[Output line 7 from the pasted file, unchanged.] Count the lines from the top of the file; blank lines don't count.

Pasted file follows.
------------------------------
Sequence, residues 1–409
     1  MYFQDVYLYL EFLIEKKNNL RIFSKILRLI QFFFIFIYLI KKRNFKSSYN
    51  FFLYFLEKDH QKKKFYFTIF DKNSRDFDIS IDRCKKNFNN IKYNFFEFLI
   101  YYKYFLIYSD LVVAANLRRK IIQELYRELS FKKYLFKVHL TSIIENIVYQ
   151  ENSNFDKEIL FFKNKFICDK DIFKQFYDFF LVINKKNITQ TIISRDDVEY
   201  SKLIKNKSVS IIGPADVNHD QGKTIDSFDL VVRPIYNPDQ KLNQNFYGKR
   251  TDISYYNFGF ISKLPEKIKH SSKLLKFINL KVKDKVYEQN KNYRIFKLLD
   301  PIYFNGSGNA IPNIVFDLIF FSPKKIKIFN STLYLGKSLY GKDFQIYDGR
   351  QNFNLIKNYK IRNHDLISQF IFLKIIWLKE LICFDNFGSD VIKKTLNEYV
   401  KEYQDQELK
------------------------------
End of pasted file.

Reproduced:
   251  TDISYYNFGF ISKLPEKIKH SSKLLKFINL KVKDKVYEQN KNYRIFKLLD